- September 02nd, 2019
- Empowered Health
- Body-Mind-Soul, Low tox living, Naturopath Blackburn South, Naturopath Melbourne, Spring clean
- 0 Comments
Testing done on human blood, urine, hair and breast milk have detected food chemicals, personal care ingredients and industrial chemicals. The vast majority of these have not been tested for their cumulative impacts on human health and development.
So, what can we do? Firstly, become educated so you can make more informed choices on a daily basis to protect your health, the health of your loved ones and of course for the planet. If you are planning on becoming pregnant, are pregnant, breastfeeding or have young children it is particularly important that you reduce your chemical exposure as much as possible as young babies and children are at the greatest risk from these continuous chemical exposures. Secondly, I have put together a few ideas to help you get started.
8 ways to switch to low tox living.
1. Healthy home. Take your shoes off before you enter the house as this reduces the chances of any chemicals from outside the home coming into the home. Get rid of clutter as it increases the dust load and reduces air flow. Dust your house with a slightly damp microfibre cloth and then dry. Vacuum with a HEPA filter vacuum to reduce the allergen load within the home. Use the sun to air and deodorise pillows, doonas, mattresses, pet bedding, chopping boards and soft toys.
2. Eating unprocessed foods, avoiding canned foods and artificial food additives and colours is the first step in reducing your chemical exposure. Choosing organic food where possible to reduce your exposure to pesticides, GMO’s and fertilisers. This includes fruit, vegetables, meat, chicken, eggs, milk products. For your animal products this is especially important as the fat content of these products is where these long-life chemicals accumulate. For your fruit and vegetables have a look at the EWG’s dirty dozen and clean fifteen lists to prioritise organic buying. For fish lovers eat low mercury fish and enjoy the following fish: Blue mackerel, Flathead, Ocean trout, small oily fish such as Sardines, Anchovy, Herring; Atlantic salmon, Bream, Mullet and John Dory. Limit your intake to once per week for Barramundi, Gemfish, Ling, fresh Bluefin or Albacore tuna, Halibut, Sea bass.
3. Reduce your use of personal care products, makeup and perfume. Avoid any products with plastic micro beads, foaming agents such as sodium laurel sulphate and preservatives such as parabens. Look at all your products from shampoos, conditioners, toothpaste, moisturiser, foundation, mascara, eye makeup, nail polishes, hairspray and antiperspirants. There are many great natural skin care and body care companies now a days and there are some wonderful products available.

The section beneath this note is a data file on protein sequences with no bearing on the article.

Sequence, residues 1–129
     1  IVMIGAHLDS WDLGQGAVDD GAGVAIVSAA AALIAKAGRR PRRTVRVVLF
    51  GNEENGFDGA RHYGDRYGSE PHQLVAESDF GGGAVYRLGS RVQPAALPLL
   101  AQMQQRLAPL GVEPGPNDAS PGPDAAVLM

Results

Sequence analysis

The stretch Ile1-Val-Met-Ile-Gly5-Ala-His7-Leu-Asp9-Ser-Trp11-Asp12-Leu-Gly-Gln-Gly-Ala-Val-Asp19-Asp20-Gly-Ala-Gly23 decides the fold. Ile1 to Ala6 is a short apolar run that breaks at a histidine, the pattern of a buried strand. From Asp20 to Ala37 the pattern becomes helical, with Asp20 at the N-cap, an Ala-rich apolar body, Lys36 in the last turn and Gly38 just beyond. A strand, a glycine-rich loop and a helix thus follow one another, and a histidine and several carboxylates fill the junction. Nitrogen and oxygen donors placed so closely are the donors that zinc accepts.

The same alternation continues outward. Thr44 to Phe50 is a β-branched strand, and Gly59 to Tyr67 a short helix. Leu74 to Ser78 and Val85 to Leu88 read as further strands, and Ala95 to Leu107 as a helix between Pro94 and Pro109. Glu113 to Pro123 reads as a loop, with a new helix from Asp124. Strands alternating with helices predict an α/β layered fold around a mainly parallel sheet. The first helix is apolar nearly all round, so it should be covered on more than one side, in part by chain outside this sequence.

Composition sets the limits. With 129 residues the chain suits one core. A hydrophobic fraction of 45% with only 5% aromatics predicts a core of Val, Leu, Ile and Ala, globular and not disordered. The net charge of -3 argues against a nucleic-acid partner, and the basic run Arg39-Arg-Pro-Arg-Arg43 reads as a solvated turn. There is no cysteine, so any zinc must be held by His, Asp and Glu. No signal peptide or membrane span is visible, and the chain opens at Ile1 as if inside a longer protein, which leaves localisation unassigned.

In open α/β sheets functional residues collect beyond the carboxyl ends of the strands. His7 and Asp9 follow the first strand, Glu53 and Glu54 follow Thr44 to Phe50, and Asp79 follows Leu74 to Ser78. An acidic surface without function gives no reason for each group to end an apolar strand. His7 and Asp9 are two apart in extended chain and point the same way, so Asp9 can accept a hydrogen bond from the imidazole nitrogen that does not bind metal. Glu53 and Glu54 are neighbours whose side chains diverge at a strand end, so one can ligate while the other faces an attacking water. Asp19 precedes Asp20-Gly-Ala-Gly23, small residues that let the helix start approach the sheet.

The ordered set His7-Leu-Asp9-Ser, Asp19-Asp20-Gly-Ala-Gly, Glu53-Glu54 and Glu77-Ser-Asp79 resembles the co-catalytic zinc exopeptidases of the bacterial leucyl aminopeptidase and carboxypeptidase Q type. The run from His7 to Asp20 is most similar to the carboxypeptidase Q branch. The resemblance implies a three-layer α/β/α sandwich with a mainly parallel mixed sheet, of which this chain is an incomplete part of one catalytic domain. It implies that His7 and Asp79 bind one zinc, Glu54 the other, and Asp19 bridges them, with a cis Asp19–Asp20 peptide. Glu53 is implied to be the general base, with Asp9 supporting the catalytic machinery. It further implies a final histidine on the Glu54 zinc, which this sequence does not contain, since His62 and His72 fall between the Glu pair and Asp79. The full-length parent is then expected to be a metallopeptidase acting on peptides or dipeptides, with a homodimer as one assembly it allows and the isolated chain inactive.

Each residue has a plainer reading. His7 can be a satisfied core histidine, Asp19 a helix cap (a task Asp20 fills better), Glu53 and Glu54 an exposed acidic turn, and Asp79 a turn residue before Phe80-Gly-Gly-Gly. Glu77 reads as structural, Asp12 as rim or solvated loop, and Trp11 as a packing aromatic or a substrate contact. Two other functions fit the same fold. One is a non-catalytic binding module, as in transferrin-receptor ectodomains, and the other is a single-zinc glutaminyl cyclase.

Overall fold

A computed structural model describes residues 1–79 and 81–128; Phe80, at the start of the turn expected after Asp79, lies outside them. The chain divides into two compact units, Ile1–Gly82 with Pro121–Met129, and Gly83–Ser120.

4. Minimise the number of household cleaners you use and avoid the use of insecticides and pesticides in the home and garden. With regards to cleaners your local health food store will have some great options or visit EWG’s DIY cleaning guide to make your own cleaners using things like white vinegar, bi-carb soda, lemon juice and essential oils.
5. Don’t use perfumes and artificial fragrances such as air fresheners, fabric softeners, scented candles and cheap incense which contain phthalates which can disrupt healthy hormone signalling and balance. Essential oils and other natural alternatives make great perfumes.
6. Move away from plastics. Plastic containers, plastic bags, water bottles, coffee cup lids contain phthalates and bisphenol-A which can leach into food and water particularly when it is heated. Instead store and heat food and liquids in glass, ceramic or steel containers.
7. Avoid toxic cookware. Non-stick cookware coating breaks down and off gasses toxic fumes and particulates under high temperatures. For safer cooking options avoid Teflon pans and try cast iron, ceramic, steel and oven-safe glass instead.
8. Use a water filter or drink spring water. Filters can reduce levels of tap water pollutants. Reverse osmosis filters are fantastic as are Carbon filter options. Do your research around whether you rent or own your house, the amount of space you have for the filter etc and visit www.buildingbiology.com.au/hazards/drinking-water for some ideas.
All these little decisions that you make every day add up and significantly impact your family’s cumulative chemical exposures.
Nicole Haak is an experienced Melbourne Naturopath whose gentle approach and warm nature enable her to be an empathetic and supportive practitioner who takes a genuine interest in her clients’ needs. She has a deep passion for what she does. This is evident by her holistic approach to helping her patients find solutions to their health concerns and improve their quality of life.